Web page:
The Egyptian Environment Minister, Yasmine Fouad, confirmed, on Saturday, that coordination has been made between her ministry and Irrigation Ministry, officials in the villages of Marassi, Stella and diplomats, to develop urgent solutions to treat erosion in the coastal area adjacent to the village of Marassi, owned by the Emirati company Emaar, in the Sidi Abdel Rahman area on the northern coast.
The Environment Minister explained that the necessary report is currently being prepared to identify the causes of the problem and develop appropriate solutions to present them to the Higher Committee for Licensing at the Ministry of Irrigation and Water Resources to take the appropriate decision, as it is the authority entrusted with issuing licenses for any business in the beach or sea campus in coordination with other relevant authorities.
The Environment Ministry followed up on citizens’ complaints about the presence of seawater turbidity in the coastal area adjacent to the village of Marassi, owned by the Emirati company Emaar.
Fouad issued instructions to form an urgent and specialized committee from the branch of the Environmental Affairs Agency in Alexandria and the Central Administration of Northern Reserves to inspect the coastal area of Marassi and the neighboring villages and take the necessary measures.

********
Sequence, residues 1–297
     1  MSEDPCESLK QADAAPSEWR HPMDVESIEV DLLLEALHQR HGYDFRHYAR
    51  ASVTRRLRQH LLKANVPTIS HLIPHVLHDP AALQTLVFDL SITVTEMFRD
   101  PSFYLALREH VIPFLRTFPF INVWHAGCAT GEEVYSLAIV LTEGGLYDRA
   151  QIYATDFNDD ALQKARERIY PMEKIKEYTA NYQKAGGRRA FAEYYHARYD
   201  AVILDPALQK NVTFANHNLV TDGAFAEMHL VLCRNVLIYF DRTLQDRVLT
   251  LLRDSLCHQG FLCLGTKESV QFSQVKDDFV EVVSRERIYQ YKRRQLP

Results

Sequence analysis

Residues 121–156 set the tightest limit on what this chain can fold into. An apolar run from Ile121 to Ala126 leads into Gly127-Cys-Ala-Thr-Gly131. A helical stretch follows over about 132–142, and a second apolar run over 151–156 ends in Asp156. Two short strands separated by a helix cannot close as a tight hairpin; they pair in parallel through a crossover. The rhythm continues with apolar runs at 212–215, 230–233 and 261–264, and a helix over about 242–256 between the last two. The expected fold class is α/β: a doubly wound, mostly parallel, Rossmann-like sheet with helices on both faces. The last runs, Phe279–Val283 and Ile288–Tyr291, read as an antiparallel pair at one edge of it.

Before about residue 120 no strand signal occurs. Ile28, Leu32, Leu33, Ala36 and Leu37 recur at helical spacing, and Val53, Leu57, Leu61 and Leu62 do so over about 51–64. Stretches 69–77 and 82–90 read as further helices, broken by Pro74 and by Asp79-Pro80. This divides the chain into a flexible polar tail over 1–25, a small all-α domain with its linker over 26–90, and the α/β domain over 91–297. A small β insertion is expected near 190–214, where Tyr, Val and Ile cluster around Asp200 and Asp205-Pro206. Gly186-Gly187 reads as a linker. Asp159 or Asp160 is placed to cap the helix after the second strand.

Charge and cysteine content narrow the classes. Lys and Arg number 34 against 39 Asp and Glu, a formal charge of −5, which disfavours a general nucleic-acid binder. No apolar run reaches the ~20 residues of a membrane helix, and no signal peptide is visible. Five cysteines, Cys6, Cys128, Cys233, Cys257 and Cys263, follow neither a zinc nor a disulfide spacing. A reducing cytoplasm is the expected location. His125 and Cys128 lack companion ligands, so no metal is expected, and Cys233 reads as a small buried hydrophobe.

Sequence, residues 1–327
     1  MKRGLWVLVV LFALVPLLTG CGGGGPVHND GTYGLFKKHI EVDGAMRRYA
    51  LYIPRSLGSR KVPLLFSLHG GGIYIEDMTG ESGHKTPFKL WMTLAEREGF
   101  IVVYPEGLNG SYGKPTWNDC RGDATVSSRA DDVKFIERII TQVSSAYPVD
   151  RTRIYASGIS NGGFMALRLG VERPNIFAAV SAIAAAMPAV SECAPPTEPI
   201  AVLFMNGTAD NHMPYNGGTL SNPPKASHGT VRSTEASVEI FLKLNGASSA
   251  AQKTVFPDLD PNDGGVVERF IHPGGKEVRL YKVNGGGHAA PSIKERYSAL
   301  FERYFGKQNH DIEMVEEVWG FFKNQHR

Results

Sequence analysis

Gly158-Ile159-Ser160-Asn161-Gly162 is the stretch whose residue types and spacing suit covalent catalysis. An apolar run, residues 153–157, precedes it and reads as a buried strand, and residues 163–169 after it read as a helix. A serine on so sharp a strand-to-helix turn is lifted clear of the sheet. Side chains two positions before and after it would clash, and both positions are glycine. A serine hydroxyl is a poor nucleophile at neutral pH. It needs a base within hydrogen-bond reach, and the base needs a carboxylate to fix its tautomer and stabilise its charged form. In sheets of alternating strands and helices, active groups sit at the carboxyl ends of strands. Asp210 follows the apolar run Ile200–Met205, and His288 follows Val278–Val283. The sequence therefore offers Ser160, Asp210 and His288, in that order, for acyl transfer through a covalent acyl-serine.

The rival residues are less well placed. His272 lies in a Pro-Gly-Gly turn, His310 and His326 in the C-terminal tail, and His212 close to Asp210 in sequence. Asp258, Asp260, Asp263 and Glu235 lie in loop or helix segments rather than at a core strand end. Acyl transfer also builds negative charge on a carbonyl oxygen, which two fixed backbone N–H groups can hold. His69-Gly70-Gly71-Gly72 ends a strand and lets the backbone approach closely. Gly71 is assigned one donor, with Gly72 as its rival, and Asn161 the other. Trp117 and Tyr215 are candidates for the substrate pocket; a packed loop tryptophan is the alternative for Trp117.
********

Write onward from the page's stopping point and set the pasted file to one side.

Immediately, the committee moved to the site and conducted field inspections for three consecutive days to identify the reasons for the complaint and take the necessary measures.
It was found from the field inspections and chemical measurements of the quality of sea water that there was turbidity at different rates higher than its normal rates in the coastal area of the aforementioned villages as a result of dredging works in the area.
Accordingly, instructions were issued to stop all dredging work and take the necessary pledges not to resume any new work, leave the dredger site and dismantle the related equipment.
The work of the field committee of the Ministry continued to follow up the implementation of the suspension of works and to take the necessary daily samples of seawater in the area, and it was found that the rates of turbidity concentrations gradually returned to their normal levels.
The environment in the affected area is safe and does not affect tourism uses and activities, the committee said.
The Environment Ministry continues daily follow-up with the competent authorities, in addition to inspecting all tourist villages on the North Coast to ensure compliance with all environmental requirements and to take the necessary measures.